Australia’s higher education institutions face a heavy and unexpected new tax for every student who takes out a federal loan to cover the cost of their studies.
Under unusual legislation introduced in federal parliament, universities will become liable to pay the tax every year to support the cost of running Australia’s novel student loan scheme.
The government has endured upheaval after dumping its former prime minister Malcolm Turnbull and replacing him with former treasurer Scott Morrison.
It now faces severe political and budgetary pressures but, in what appears to be a last-minute desperate move, has turned Australia’s student loan repayment system into a tax on the universities themselves.
Under the government’s plans, universities would be required to pay a fee to cover some of the cost of the loan scheme.
The decision has alarmed vice-chancellors, not least because of the lack of detail in the legislation and its explanatory memorandum. Equally worrying to the institutions is that the legislation also provides the education minister with broad new powers to impose a tax on all higher education providers.
Universities Australia Chief Executive Catriona Jackson said the “scant operational detail in the legislation raised more questions than it provided answers”.
“The legislation seeks very broad ministerial powers to tax higher education providers,” Jackson said.
“This would be a significant change from current legislative funding arrangements. It would place such decisions in the hands of the minister rather than the parliament.”
Student loans scheme was first of its kind
Australia’s novel income-contingent student loans scheme was the first of its kind in the world when it was introduced by the then Labor government in 1989. Other nations have subsequently adopted similar schemes because it overcomes the challenges new students face in finding the money to pay for their first and subsequent years of university study.
Under the Australian system, students borrow from the government to cover the cost of their courses which the universities receive back in federal grants.
The students are then required to repay the final sum owing through the tax system when they leave university and find a job. However, loan repayments only start when the new graduate is earning an annual salary set at a minimum level each year. In 2018, the minimum is AU$52,000 (US$38,000) a year.
Since its introduction, the scheme has enabled millions of students to enrol in university, many of whom might never have been able to afford the cost of their fees.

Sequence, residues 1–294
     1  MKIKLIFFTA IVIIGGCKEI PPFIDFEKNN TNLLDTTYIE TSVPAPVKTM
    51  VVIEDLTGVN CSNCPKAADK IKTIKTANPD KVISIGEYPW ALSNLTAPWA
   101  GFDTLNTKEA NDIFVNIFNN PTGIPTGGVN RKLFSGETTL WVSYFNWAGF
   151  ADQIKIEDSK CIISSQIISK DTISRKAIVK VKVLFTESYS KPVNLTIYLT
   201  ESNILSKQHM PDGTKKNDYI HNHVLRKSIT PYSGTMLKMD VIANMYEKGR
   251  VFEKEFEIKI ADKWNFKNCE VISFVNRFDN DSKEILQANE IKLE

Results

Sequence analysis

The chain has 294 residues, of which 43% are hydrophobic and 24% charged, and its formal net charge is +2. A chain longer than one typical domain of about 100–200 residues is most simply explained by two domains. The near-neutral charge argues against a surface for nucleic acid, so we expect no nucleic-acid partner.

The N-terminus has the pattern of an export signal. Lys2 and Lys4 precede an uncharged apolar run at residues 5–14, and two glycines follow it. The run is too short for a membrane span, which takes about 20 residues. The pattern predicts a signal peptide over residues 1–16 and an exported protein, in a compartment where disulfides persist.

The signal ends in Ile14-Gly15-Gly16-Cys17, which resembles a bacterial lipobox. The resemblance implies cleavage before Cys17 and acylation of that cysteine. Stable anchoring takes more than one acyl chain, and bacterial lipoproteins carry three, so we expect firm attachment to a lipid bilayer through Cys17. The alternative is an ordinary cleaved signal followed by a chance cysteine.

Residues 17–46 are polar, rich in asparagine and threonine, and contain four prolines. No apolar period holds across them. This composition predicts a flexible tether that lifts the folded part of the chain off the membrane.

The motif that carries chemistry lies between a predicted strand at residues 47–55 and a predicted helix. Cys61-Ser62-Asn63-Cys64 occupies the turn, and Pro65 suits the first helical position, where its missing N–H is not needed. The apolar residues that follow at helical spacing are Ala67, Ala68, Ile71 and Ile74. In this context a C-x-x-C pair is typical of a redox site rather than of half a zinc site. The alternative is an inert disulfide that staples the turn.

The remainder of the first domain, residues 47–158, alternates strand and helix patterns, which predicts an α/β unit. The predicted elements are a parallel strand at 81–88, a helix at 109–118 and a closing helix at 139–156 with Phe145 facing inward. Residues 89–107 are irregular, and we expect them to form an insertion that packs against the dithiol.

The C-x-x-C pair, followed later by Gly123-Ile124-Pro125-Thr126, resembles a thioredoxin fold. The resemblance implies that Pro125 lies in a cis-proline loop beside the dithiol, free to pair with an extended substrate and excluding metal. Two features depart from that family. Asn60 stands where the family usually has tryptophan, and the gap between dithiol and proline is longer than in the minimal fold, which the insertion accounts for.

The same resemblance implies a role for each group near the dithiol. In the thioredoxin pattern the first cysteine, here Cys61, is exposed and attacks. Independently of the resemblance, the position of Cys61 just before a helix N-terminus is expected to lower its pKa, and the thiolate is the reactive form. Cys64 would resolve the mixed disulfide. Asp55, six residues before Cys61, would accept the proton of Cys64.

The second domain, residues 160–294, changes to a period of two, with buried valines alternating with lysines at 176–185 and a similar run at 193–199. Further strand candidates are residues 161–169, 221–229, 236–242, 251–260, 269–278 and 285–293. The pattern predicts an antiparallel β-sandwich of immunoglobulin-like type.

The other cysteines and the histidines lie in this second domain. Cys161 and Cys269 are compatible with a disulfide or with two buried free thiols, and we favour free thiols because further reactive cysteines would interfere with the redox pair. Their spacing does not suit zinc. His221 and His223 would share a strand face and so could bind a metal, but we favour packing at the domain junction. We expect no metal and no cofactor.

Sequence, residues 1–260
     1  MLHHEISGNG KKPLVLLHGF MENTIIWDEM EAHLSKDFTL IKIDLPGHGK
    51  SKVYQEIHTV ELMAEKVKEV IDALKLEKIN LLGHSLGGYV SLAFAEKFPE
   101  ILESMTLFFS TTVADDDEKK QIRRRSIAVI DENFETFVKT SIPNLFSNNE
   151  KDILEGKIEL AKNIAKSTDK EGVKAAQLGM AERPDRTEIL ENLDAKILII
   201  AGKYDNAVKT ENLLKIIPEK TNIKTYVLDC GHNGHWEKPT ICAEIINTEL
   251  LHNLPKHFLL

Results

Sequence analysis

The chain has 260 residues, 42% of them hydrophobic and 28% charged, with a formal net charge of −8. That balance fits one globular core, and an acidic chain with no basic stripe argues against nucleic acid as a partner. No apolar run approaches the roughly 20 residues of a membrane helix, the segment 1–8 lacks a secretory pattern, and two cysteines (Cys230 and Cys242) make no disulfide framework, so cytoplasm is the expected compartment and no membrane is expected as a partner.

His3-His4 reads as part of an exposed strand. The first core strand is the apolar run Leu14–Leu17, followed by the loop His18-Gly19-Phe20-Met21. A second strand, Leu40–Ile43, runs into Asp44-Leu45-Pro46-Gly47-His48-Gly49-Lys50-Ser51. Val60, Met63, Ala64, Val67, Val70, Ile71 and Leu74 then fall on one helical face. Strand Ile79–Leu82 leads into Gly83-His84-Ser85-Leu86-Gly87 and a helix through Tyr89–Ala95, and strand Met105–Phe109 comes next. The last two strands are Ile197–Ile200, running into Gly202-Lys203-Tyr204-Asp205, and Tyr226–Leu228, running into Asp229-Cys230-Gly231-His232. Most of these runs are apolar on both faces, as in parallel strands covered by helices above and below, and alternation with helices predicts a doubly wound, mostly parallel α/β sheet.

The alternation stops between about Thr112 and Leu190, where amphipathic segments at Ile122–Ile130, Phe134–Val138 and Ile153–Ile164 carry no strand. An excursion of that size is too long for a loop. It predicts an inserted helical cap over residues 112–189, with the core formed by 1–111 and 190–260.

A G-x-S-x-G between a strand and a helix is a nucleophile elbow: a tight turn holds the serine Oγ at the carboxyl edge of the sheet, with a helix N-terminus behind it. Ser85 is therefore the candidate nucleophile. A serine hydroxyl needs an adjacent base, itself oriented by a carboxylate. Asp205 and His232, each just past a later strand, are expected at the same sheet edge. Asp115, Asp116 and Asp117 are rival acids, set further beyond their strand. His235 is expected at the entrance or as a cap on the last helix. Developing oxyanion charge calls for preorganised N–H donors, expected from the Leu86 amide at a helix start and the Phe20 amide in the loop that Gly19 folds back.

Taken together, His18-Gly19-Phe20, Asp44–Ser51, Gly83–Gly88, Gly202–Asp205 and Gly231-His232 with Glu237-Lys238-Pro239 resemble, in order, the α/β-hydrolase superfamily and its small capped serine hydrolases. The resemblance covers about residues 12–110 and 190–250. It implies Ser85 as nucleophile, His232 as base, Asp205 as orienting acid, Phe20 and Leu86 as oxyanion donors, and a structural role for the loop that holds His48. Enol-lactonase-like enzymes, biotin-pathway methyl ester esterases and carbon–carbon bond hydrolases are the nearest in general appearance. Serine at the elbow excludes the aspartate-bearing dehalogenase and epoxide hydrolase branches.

But the total amount owing to the government since the scheme was introduced 30 years ago now exceeds AU$60 billion and is predicted to increase to a staggering AU$180 billion by 2026.
Moreover, not all students will repay their loans because they never reach the minimum wage level at which repayments become due, or they go overseas and do not return, or they die.
Conservatives in the government want stronger measures introduced to force graduates to repay their loans faster, including dropping the income level at which the additional tax must be paid.
The government has lowered the repayment point to AU$45,881 (US$33,400) from 2019 on, a more than AU$6,000 reduction in the threshold that will force thousands more new graduates to start paying higher taxes when they find a job.
But Jackson said the loans scheme was, in fact, “an investment in access to higher education for all Australians”.
“It ensures the nation has the graduates needed to meet demand in our economy,” she said.
“And, despite concerns expressed about the costs of the scheme, the majority of the increase in loans over the six years to 2015 was a result of a new loans system introduced for students enrolling in vocational education and training, not higher education.”
Jackson said that universities and their students “had already contributed AU$3.9 billion to budget repair since 2011”. This was a reference to the government’s cuts in spending on higher education over recent years.
“Then, last December, universities were hit with a further AU$2.1 billion in federal funding cuts,” Jackson said.
Conor King, head of Australia’s Innovative Research Universities group, described the new charge as "a rort".
“Universities support students to access the higher education loan system so the government pays their student charge for them,” King said. “But billing universities for a service provided to students is hardly a fair or transparent way of further reducing funding.”
King said the group would be joining other vice-chancellors in writing to all federal politicians urging them to oppose legislation imposing the new tax.
As well as losing to the Labor Party opposition in public opinion polls, the government now faces a revolt from vice-chancellors and rising anger among university students.
The latter will have to start paying higher taxes once they graduate and start working. They are also highly likely to take out their displeasure when it comes time to vote on a deeply troubled government.
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